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Nigeria, Angola Now Biggest Oil Drilling Markets in Sub-Saharan Africa

Nigeria has equaled Angola as the largest oil drilling market in sub-Saharan this year, according to a report by Hawilti and the Caverton Offshore Support Group Plc.

Oil drilling involves the extraction of oil by drilling a well through the earth's crust to reach the fossil fuel deposits.

According to the offshore rigs tracker report released on Monday, 38 drilling rigs have been contracted offshore sub-Saharan Africa this year so far.

This marks an increase from the pace of activity witnessed in 2022 and early 2023.

The report noted that new drilling contracts have been awarded across established and frontier markets since January, "confirming 2023 as one of the biggest years for offshore drilling activity on the continent in a decade".

"Nigeria has caught up with Angola to also take the position of biggest drilling market this year, with a total of eight drilling campaigns confirmed offshore in both countries," the report reads.

"However, activity is likely to remain higher in Angola as most drilling campaigns there are confirmed until the second half of 2024 already to support exploratory, infill, and development drilling."

The report noted that exploration makes an important part of ongoing and planned drilling campaigns for 2023.

"While results of key campaigns in Gabon and Congo are still awaited, new contracts have been signed by Eni to drill the Raia prospect offshore Mozambique, and by Galp to join the Orange Basin frenzy offshore Namibia and drill two wells there at the end of the year," the report further reads.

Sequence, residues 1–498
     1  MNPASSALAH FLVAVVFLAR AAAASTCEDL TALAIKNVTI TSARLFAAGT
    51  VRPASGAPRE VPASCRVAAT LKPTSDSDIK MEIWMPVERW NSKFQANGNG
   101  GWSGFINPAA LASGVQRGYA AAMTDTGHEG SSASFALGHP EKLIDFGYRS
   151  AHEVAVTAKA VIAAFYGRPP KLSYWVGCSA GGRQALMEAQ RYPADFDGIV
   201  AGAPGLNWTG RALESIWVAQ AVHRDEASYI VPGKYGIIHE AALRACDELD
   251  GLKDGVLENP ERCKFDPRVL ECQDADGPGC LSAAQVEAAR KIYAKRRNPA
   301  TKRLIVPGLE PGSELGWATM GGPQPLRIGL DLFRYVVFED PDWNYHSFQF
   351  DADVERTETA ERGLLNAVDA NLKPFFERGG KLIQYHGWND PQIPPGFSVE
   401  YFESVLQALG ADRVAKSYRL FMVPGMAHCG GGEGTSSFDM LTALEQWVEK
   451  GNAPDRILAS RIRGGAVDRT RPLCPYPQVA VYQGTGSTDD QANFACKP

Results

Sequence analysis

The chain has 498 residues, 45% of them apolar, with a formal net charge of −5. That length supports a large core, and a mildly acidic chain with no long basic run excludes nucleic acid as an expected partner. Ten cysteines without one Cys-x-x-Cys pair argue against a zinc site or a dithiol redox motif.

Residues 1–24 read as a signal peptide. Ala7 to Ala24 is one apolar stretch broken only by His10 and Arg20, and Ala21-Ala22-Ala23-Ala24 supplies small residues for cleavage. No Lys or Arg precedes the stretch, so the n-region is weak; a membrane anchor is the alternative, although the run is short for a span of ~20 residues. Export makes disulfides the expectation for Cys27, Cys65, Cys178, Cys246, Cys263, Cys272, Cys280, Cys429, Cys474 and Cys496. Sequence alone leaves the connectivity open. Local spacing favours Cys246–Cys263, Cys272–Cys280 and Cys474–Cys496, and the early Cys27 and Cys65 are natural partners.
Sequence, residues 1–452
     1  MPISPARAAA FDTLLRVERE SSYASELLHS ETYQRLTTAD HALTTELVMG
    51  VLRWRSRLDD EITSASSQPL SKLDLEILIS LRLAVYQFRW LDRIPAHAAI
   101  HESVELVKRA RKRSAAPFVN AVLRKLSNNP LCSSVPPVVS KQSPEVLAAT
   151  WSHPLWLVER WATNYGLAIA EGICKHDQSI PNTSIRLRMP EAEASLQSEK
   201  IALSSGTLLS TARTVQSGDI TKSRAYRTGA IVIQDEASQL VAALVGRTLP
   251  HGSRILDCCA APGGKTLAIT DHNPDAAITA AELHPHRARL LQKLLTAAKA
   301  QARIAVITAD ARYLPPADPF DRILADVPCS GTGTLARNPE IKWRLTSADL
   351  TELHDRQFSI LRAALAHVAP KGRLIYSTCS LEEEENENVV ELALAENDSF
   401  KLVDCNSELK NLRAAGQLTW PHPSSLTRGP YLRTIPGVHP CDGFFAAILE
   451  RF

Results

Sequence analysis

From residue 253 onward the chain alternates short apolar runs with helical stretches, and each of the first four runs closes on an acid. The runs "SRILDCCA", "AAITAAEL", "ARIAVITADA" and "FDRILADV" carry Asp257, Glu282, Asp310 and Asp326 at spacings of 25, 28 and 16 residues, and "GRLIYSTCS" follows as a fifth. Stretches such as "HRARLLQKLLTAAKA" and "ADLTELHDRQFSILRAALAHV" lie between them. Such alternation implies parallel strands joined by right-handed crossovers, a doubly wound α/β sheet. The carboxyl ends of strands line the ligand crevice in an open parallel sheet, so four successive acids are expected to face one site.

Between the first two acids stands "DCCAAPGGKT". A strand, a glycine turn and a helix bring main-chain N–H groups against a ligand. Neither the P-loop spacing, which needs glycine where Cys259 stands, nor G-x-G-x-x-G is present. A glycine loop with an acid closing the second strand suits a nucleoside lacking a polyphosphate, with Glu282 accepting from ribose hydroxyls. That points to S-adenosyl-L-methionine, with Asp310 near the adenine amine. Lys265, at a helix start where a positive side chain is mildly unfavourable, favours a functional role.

"TotalEnergies also extended the Baltic rig contract offshore Nigeria to drill the Ntokon Central prospect on OML 102, while Shell selected the Noble Voyager to drill a wildcat on its C-10 license offshore Mauritania at the end of this year."

While the industry awaits the results of concluded campaigns and looks forward to the spudding of much-awaited wells, the report said "positive rumours" are already circulating out of Namibia where TotalEnergies appraised its Venus discovery.

The campaign, according to the document, seems to have met expectations, and will be followed by the drilling of a new prospect -- Nara -- just west of the existing discovery.

"The French major has also declared it would drill the Niamou prospect offshore Congo-Brazzaville this year, in a move that could open up a new deepwater province in Central Africa," the document said.




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